HIDDEN ENEMIES – CONFINED SPACES
25 Jun 12. Hidden enemies. Confined spaces. Concealed boobytraps. For soldiers who must search and clear buildings, it can be one of the riskiest jobs on the urban battlefield. Given the danger in exploring structures where combatants might lurk, is it possible to harness robots as an extension of the team, coordinating with their human counterparts to find adversaries, while keeping them out of harms way?
To address that challenge, Aptima, which applies expertise human and machine systems, is developing CHAMP, a system for Coordinating with Humans by Adjustable-autonomy for Multirobot Pursuit. CHAMP is a software system that advances human-robotic interactions for the unique demands of room clearing operations, allowing humans and teams of robots to cooperate in the coordinated search and pursuit of adversaries inside buildings and underground spaces.
At the heart of CHAMP is a combination of algorithms that address several key challenges for mixed human-robotic cooperation in the urban battlefield. The system creates a search and pursuit strategy that’s optimized for any number of robots teamed together, with the robots methodically and systematically seeking the presence of adversaries. As they explore interior and subterranean spaces, the robots map and share the intelligence with other networked team members for situational awareness. CHAMP’s adjustable autonomy allows the robot team to search independently, or under the more direct control of the human operator, where it dynamically adjusts the roles between human and the robot team as mission circumstances unfold. For example, upon detecting an evader, a robot might verbally notify the human team through their headsets while guarding the contaminated space. Other robots would then take on new search objectives, or assume new roles, such as providing sentry cover as the human patrol team advances.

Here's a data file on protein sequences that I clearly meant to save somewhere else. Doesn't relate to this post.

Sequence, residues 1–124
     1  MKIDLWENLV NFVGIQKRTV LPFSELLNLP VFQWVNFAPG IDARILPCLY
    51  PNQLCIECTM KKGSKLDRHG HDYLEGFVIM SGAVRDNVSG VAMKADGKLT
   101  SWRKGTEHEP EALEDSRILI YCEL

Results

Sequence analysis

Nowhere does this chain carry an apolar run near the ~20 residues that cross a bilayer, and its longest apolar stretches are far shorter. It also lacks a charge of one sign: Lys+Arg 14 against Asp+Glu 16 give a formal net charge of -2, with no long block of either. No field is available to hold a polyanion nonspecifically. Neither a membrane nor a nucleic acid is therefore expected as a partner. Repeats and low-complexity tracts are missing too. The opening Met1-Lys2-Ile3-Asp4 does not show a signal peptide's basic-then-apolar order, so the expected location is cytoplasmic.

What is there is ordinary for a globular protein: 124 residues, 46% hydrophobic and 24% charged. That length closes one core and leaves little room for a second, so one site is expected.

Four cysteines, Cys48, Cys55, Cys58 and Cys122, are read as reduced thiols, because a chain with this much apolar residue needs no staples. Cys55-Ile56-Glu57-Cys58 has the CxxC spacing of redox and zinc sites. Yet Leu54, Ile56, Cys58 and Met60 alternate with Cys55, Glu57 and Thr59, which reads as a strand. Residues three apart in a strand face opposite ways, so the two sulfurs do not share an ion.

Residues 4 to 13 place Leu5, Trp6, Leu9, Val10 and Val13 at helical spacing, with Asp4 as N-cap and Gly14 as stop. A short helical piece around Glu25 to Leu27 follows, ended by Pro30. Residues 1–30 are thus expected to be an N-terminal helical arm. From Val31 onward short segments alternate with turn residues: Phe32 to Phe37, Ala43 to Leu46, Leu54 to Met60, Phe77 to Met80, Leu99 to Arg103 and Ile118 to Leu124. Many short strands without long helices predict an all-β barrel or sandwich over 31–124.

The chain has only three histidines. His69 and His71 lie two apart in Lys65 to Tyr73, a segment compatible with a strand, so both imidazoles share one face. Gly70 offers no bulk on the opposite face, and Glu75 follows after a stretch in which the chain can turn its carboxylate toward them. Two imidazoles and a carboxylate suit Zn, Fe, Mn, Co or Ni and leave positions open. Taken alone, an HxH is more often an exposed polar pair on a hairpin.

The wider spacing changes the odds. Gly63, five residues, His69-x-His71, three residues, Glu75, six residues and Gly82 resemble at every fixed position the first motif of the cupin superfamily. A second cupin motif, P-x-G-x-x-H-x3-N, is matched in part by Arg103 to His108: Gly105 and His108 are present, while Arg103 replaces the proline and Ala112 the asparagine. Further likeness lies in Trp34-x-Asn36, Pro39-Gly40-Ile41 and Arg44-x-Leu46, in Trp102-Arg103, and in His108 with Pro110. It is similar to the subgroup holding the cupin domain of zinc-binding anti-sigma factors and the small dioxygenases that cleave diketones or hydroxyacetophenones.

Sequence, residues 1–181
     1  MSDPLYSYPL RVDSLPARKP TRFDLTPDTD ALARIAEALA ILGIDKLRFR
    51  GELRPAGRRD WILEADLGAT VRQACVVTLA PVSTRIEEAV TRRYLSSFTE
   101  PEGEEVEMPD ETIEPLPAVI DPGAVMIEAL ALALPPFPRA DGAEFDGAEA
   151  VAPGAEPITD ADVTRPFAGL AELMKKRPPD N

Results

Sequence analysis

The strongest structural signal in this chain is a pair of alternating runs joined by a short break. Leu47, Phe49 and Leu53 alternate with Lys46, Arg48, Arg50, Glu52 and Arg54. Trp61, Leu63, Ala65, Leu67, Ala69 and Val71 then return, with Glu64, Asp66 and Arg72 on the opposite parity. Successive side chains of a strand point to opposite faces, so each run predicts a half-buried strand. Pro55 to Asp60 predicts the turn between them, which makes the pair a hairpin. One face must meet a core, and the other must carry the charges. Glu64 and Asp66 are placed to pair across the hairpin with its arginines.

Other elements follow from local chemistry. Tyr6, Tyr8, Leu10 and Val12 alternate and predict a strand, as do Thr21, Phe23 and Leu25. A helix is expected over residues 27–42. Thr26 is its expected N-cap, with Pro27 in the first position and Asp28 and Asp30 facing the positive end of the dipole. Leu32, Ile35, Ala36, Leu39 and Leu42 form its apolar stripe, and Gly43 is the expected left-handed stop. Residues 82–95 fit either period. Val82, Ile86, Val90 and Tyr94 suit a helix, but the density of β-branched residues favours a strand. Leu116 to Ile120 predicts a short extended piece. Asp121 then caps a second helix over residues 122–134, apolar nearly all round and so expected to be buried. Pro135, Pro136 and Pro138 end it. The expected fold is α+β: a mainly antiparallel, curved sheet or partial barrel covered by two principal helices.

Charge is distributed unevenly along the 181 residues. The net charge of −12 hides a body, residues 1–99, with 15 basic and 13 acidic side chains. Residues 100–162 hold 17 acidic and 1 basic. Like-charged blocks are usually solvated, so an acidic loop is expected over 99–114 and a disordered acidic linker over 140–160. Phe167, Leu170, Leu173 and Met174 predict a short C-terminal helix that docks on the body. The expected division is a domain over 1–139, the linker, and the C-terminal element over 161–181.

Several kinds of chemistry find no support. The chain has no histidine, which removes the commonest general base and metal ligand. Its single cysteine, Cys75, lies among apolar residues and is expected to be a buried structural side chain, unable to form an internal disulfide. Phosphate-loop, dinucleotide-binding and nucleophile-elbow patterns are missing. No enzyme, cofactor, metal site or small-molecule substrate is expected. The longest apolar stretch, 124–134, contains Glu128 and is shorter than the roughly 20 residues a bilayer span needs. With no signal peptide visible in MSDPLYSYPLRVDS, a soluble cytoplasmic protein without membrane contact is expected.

Aptima is developing CHAMP in partnership with iRobot and Imprimis, for the U.S. Army’s Tank Automotive Research, Development and Engineering Center (TARDEC). The system is expected to improve the safety and effectiveness of the small-unit tactical teams tasked with clearing and holding urban terrain, where finding and engaging adversaries who may be hiding, or intermingled with others, is difficult and dangerous.
While small unmanned ground vehicles (SUGV) have improved in mobility, sensing, and artificial intelligence, CHAMP is focused on how a team of these assets can integrate with humans on a specific mission. “When it comes to multiple robots in the field, we know from feedback that warfighters want a multiplier effect, having one-to-many control rather than just one-to-one,” said Jeanine Ayers, CHAMP Project Manager for Aptima, and Associate Division Director of Software Engineering.
“Given the practicalities and hazards of the urban battle space, we can’t expect soldiers to constantly look down and manipulate a device to control a robot. Rather, robots will need to function more like a human team member, self-organizing, acting autonomously, even communicating as a human would, with gestures, in a situation that calls for stealth,” Ayers added.